2) Try running your Xbox Series X at 4K 60 Hz, and keep VRR on
If the issue isn’t related to the TV firmware, its possible the Xbox Series X is having display recognition issues. To test that assumption, we can toggle on and off certain settings pertaining to the refresh rate.
Navigate to your Xbox display settings, and select the 60 Hz mode at 4K resolution. Ignore the fact that your TV can run 120 Hz as well for now, these settings can be changed back later. Next, go to TV & Display Options and toggle Variable Refresh Rate on.
This setting will troubleshoot and see if only the 120 Hz mode is causing issues, or all TV options across the board. If the same display errors, like ‘no signal’ or ‘corrupted image’ persist, the fault lies elsewhere.
3) Try running the display at 4K with 120 Hz, this time enabling VRR
It is also likely that the issue stems from poor framerate management on the Xbox Series X. That means the Xbox is giving off framerates that don’t match the TV’s refresh rate. While this usually leads to visual screen-tearing, it may also cause the display to fail in severe cases.
The main purpose of the VRR built into TV’s is to allow the framerates and refresh rates to match. Often at times, this feature works as intended. By enabling VRR in the Xbox Series X display settings, we might prevent further bugs.
4) Lower the Xbox resolution to 1080p or 1440p, and see if the problem persists
Before we advise you to buy a new HDMI 2.1 cable, it is worth confirming if that is even necessary or not. If both 60 Hz and 120 Hz fixes don’t work, and your Xbox Series X display issues persist, try a different resolution. While obviously not as ideal as 4K, testing the Xbox display settings at 1080p or 1440p may become imperative.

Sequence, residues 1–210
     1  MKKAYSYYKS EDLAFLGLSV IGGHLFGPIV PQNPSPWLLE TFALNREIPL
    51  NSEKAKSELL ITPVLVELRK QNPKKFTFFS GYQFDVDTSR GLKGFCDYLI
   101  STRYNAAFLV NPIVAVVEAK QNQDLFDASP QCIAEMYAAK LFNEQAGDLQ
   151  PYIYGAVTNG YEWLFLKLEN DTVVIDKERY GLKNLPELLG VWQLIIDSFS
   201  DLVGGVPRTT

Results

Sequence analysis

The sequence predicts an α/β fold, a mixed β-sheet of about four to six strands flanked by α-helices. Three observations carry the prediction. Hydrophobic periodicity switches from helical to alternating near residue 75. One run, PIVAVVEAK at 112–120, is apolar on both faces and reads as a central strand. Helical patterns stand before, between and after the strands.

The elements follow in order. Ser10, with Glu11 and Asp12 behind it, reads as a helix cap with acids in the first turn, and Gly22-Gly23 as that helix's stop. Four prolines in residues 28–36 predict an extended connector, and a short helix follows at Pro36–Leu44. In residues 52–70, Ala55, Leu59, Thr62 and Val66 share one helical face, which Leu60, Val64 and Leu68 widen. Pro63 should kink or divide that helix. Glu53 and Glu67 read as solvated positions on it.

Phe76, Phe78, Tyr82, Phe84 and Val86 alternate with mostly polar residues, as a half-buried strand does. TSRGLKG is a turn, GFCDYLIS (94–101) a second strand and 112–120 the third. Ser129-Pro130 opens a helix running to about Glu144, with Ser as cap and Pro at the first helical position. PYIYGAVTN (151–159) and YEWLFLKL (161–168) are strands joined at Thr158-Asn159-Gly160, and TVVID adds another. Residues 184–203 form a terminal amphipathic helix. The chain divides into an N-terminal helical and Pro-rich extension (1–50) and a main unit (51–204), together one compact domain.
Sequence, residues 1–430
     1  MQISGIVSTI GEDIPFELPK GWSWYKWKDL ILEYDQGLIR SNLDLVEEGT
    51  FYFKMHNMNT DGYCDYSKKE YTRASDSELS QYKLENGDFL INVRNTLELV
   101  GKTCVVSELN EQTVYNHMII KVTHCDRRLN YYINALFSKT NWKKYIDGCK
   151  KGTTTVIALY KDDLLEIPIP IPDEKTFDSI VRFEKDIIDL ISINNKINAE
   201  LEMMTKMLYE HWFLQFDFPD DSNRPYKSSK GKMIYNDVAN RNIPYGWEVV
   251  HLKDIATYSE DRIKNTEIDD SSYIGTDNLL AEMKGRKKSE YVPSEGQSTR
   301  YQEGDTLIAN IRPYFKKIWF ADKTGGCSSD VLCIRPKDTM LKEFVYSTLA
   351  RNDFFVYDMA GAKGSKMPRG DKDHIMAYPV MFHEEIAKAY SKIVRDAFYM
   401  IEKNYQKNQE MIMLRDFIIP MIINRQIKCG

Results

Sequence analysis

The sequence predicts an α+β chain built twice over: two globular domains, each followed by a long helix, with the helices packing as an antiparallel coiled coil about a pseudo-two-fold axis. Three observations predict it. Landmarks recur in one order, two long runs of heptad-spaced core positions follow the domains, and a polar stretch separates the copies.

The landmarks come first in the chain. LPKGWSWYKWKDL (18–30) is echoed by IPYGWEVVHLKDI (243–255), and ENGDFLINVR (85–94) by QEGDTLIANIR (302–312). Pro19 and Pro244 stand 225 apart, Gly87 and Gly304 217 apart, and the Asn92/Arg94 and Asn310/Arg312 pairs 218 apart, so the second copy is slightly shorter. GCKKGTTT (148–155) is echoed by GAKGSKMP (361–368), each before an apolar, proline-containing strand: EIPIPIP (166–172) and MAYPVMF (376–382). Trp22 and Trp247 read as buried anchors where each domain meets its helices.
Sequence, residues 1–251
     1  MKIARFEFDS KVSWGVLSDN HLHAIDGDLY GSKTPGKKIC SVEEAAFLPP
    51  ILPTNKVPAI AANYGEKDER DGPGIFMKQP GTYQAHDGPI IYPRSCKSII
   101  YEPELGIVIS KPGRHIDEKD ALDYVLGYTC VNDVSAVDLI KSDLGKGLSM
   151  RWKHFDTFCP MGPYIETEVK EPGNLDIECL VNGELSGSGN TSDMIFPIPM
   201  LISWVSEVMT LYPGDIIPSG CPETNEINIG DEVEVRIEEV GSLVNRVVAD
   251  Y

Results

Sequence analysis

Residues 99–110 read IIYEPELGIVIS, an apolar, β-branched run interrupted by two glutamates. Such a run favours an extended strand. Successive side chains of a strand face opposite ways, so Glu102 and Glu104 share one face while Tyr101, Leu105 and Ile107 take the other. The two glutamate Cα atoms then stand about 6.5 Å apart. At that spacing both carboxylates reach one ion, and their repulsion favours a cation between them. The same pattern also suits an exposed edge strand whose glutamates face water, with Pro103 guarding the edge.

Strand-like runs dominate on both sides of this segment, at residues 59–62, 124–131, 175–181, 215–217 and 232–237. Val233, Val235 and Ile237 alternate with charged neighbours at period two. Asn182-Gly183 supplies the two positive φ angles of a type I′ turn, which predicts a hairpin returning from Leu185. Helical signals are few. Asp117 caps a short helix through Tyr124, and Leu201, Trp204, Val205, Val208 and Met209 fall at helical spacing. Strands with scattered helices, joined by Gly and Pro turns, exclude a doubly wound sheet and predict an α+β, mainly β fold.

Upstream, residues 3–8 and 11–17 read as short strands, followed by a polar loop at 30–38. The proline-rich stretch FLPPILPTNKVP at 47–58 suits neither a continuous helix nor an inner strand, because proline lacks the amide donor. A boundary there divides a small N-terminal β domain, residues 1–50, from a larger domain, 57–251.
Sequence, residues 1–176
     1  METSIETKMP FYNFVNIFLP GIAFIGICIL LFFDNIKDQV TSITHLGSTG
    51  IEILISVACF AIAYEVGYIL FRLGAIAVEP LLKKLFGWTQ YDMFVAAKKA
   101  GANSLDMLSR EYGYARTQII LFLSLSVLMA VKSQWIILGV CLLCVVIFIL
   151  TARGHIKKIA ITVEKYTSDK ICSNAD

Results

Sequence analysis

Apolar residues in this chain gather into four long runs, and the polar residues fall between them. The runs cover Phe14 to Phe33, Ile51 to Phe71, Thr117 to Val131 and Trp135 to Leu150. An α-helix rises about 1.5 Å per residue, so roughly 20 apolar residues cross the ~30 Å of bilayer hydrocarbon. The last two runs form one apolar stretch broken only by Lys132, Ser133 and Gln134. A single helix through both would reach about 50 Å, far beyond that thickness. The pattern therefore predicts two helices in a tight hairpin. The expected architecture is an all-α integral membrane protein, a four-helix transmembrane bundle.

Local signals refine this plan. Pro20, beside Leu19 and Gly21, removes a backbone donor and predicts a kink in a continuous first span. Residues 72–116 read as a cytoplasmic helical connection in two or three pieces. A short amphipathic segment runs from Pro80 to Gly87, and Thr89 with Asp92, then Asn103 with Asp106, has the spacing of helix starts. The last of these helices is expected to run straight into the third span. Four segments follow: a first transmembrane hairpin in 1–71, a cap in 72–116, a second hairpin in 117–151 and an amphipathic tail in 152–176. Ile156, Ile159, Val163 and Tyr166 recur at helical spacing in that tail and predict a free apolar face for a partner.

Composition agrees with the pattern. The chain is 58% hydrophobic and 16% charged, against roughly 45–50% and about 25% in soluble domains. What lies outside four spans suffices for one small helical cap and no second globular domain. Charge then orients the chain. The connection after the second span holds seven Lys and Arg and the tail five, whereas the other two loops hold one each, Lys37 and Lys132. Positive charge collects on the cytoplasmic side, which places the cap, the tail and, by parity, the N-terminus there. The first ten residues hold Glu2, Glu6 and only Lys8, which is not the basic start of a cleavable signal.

At 1080p, try running the Xbox Series X with VRR enabled, at both 60 Hz then at 120 Hz. Note any situations where the ‘no signal’ display issue or ‘corrupted image’ error reoccur. Then, try both refresh rates with VRR disabled.
If 1080p at all settings works fine, it’s time to test at 1440p. Make sure your output resolution is set accordingly. Then, test with all of the previously mentioned conditions. That means you need to check it at 60 Hz, 120 Hz, VRR off and VRR on. Make sure to note down what combination gave you the Xbox display error.
5) Disable VRR on your 4K television
After making sure that your Xbox Series X display error isn’t related to the console itself, we should check the TV itself. Like we mentioned with the previous firmware update fix, it is possible the VRR implementation in your 4K television is buggy. If that’s the case, you might want to return or avail the warranty on your 4K display.
To prove this is the case, you need to turn off the television’s VRR settings. There isn’t a universal way to do this, as every 4K TV’s user interface varies. However, you can usually consult your TV manufacturer’s official website or support line for instructions on how to disable VRR. If the ‘no signal’ and ‘corrupted image’ errors resolve after disabling the TV’s VRR, the fault probably lies in your 4K television.
Stay tuned for more useful guides, fixes and tips on all things tech!